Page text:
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Indescribable ... Inexplicable ... Miraculous

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Most people might think of a trip to Rome, Mass at St. Peter's and receiving Communion from the pope as a dream come true. Some would even call it a miracle.

For Dr. Edward and Jeanne Gatz of Omaha, it was another miracle - the cure of Edward Gatz's terminal cancer in 1989 - that led them to Rome Oct. 11 for the canonization of St. Jeanne Jugan and four other saints

"You can't describe the indescribable," Jeanne Gatz, 71, said. "The atmosphere and the spirit, the feeling of the love and the devotion that was there from the nuns, the priests, the people that came on the pilgrimages; it was so uplifting."

While in Rome, the Gatzes were guests of the Little Sisters of the Poor, the religious order founded by St. Jeanne Jugan. The sisters, who take a vow of hospitality, made the couple feel welcome in every way, they said.

"When we first arrived, I asked the Little Sisters if the priests could say Mass, and within 15 minutes they had their vestments on and we started the whole thing off with a Mass," said 72-year-old Edward Gatz, who joined the Catholic Church in 1959. "It's such a community of God, and it's indescribable as Jeanne and I search for words to say what it's like to be with the people, except it's a taste of heaven."

Edward and Jeanne Gatz got to know several groups of the Little Sisters of the Poor as they went through the canonization processs. Two English-speaking members of the order served as their guides during their five days in Rome.

At the canonization Mass, the Gatzes were seated one row behind the priests and were among only 40 people to receive Communion from Pope Benedict XVI that day.

Also in attendance was their son, Dr. Bart Gatz of Florida; their niece and nephew, Mark and Jacque Fitzgerald of Norfolk; their cousin, Laurie Burgess and her boyfriend, Darryl McNeil of Omaha; and friends, Sharon Melchior, Margo Schmising, Ron and Pauline Wilwerding, Father James Buckley and Father Matthew Gutowski.

The Gatzes said their marriage and their faith have been strengthened as a result of Edward Gatz's miraculous cure, and they feel a sense of greater purpose in life.

"I'm still looking for a reason why I'm still around," said Edward Gatz, who suffers daily from acid reflux symptoms because his stomach is now behind his sternum as a result of the surgery that removed the tumor. "It's not over until it's over and you ought to be looking for what you could be doing."

The couple, who celebrated 47 years of marriage this year, said they turn to several saints in prayer, but that St. Jeanne Jugan gets called upon the most for her intercession because they know she listens.

"Going through this experience," Jeanne Gatz said, "makes you realize there are saints in heaven, and yes, they are watching over you and hearing prayers and interceding."

JOURNEY TO SAINTHOOD

1879: The foundress of the Little Sisters of the Poor, Jeanne Jugan, also known as Sister Mary of the Cross, dies in obscurity at the motherhouse Aug. 29.

1935: The diocesan investigation "on the reputation for holiness" of Jeanne Jugan is opened. During the 1930s, Little Sisters all over the world who had known Jeanne Jugan in their youth are asked to send their memories of her to the Mother General.

1970: The cause for Beautification is introduced in Rome July 10.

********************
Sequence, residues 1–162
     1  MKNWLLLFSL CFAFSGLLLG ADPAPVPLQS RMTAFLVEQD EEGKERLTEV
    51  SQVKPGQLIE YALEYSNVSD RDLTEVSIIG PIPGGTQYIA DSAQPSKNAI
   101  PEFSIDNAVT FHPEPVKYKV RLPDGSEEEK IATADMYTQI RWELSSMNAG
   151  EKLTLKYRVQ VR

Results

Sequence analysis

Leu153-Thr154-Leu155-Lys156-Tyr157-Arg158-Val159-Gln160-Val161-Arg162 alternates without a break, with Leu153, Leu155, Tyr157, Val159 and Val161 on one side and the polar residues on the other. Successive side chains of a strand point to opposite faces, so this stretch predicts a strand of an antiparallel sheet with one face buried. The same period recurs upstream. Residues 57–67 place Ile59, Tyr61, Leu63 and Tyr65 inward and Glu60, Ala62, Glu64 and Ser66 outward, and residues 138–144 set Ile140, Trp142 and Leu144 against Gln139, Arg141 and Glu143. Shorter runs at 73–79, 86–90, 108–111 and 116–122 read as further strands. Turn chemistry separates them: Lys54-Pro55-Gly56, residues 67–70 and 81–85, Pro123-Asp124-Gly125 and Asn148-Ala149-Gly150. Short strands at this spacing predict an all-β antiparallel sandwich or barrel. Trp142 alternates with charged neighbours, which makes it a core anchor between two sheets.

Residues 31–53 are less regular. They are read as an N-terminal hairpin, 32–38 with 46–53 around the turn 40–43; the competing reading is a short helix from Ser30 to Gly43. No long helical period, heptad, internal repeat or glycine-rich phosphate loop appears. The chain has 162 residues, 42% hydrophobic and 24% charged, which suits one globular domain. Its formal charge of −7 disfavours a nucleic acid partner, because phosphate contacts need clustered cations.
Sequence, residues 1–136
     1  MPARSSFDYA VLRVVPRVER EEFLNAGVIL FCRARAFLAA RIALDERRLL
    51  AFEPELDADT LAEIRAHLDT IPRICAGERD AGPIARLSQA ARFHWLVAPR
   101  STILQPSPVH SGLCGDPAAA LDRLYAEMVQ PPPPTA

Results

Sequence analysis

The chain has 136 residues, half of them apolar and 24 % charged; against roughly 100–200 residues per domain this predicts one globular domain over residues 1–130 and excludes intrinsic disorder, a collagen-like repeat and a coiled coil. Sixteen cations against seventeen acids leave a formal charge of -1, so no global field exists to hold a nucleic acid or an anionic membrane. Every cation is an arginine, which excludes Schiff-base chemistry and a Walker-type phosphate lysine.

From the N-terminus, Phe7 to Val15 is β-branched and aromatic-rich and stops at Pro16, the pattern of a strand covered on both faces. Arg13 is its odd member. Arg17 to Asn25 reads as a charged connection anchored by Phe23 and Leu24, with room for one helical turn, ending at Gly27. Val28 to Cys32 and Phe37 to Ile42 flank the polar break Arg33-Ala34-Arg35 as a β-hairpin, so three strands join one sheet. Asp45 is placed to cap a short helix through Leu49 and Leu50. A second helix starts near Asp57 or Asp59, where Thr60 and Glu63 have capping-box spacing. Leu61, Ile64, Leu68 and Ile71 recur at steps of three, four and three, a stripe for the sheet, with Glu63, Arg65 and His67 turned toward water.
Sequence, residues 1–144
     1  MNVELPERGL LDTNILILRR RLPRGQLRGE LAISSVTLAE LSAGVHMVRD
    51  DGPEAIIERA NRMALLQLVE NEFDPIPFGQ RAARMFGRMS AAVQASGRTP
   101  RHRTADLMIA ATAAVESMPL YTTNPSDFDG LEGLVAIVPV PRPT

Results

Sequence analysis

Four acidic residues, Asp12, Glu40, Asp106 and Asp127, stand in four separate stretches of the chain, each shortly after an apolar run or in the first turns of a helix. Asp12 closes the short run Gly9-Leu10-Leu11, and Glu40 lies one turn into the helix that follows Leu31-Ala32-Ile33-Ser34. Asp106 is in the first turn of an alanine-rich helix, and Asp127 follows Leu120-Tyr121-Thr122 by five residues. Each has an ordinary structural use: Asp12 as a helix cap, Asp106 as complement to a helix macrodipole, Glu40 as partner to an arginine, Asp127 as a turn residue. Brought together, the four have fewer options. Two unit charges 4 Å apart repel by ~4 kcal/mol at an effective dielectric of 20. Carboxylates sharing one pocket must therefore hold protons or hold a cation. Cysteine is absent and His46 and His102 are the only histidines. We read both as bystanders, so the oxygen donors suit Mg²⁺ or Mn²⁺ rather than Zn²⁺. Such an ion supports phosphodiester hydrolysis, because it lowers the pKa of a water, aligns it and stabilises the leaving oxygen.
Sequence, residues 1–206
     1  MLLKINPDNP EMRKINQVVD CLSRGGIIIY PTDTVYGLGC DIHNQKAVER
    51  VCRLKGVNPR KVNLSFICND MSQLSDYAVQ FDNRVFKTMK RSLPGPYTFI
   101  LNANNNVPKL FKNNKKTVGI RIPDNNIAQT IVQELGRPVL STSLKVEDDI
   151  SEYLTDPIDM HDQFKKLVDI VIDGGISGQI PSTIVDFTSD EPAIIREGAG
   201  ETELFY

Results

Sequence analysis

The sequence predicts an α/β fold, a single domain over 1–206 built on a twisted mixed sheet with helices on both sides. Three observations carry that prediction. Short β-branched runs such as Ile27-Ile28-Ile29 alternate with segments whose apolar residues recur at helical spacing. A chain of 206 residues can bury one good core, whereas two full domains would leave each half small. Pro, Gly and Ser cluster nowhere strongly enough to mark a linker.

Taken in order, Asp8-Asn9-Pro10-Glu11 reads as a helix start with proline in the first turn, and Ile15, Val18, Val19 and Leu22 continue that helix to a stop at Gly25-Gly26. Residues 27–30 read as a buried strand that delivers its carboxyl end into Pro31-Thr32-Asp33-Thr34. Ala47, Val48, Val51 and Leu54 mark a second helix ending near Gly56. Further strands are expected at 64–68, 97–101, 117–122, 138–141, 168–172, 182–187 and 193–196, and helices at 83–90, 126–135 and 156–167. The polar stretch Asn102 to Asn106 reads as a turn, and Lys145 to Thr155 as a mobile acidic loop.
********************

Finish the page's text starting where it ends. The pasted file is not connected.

1970-76: Study of Jeanne Jugan's life by the Congregation for the Causes of Saints; preparation of the "Positio," the official presentation of her life and virtues.

1979: On July 13, Pope John Paul II declares Jeanne Jugan "Venerable."

1982: The "medically inexplicable" and sudden cure of Antoine Schlatter, a resident of the Little Sisters of the Poor's home in Toulon, France, is recognized as the miracle necessary for the beatification of Jeanne Jugan. The decree recognizing the miracle is signed May 11. On Oct. 3, Jeanne Jugan is beatified by Pope John Paul II in St. Peter's Basilica in Rome.

2002: In early March, the superior of the Little Sisters of the Poor's home in Kansas City, Mo., is contacted by Jeanne Gatz of Omaha, who says her husband was cured of cancer through the intercession of Jeanne Jugan in 1989. An investigation into this cure begins.

Spring 2005: Archbishop Elden Francis Curtiss is asked by the Vatican to investigate the cure reported by Jeanne Gatz. A diocesan Tribunal - Father Ryan Lewis, episcopal delegate; Father Joseph Taphorn, chief notary; and Father Patrick Harrison, promoter of justice - is formed to gather evidence of the cure of Dr. Edward Gatz.

Summer 2005: Priests on the case - none of whom had experience in miracle investigations - conduct research according to Vatican standards.

September 2005: Those working on the case gather evidence, such as Edward Gatz's medical records, and conduct interviews with Dr. Edward and Jeanne Gatz, the doctors involved in diagnosing or treating Edward Gatz, the Little Sisters of the Poor and others.

October 2005: Findings are collected and organized for Vatican approval.

November 2005: Evidence is sent to Rome and given to the Congregation for the Causes of Saints.

2008: On Dec. 6, Pope Benedict XVI signs the decree approving the miraculous cure of Dr. Edward Gatz through the intercession of Blessed Jeanne Jugan, clearing the way for her canonization.

2009: The Vatican consistory announcing the date for the canonization is held Feb. 21. Jeanne Jugan is canonized Oct. 11 along with four others.

Sources: Little Sisters of the Poor and Father Ryan Lewis, pastor at St. Thomas More Church in Omaha and episcopal delegate for the miracle inquiry.

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